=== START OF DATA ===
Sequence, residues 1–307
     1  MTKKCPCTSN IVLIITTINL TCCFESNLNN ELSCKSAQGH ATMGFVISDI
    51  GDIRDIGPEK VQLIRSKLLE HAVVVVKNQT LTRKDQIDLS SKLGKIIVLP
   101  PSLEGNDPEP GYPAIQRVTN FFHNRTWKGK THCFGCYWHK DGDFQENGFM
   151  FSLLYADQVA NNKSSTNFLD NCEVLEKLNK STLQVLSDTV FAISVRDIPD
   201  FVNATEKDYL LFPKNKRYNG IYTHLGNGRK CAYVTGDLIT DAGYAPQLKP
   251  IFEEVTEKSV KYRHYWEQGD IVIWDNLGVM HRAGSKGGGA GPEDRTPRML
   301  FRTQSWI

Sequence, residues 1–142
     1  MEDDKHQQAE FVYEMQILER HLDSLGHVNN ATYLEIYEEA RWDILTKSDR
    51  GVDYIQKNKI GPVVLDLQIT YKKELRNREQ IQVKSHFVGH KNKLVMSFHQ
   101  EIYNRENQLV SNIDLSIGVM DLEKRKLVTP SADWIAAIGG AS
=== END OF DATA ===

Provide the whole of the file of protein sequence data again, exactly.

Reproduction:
Sequence, residues 1–307
     1  MTKKCPCTSN IVLIITTINL TCCFESNLNN ELSCKSAQGH ATMGFVISDI
    51  GDIRDIGPEK VQLIRSKLLE HAVVVVKNQT LTRKDQIDLS SKLGKIIVLP
   101  PSLEGNDPEP GYPAIQRVTN FFHNRTWKGK THCFGCYWHK DGDFQENGFM
   151  FSLLYADQVA NNKSSTNFLD NCEVLEKLNK STLQVLSDTV FAISVRDIPD
   201  FVNATEKDYL LFPKNKRYNG IYTHLGNGRK CAYVTGDLIT DAGYAPQLKP
   251  IFEEVTEKSV KYRHYWEQGD IVIWDNLGVM HRAGSKGGGA GPEDRTPRML
   301  FRTQSWI

Sequence, residues 1–142
     1  MEDDKHQQAE FVYEMQILER HLDSLGHVNN ATYLEIYEEA RWDILTKSDR
    51  GVDYIQKNKI GPVVLDLQIT YKKELRNREQ IQVKSHFVGH KNKLVMSFHQ
   101  EIYNRENQLV SNIDLSIGVM DLEKRKLVTP SADWIAAIGG AS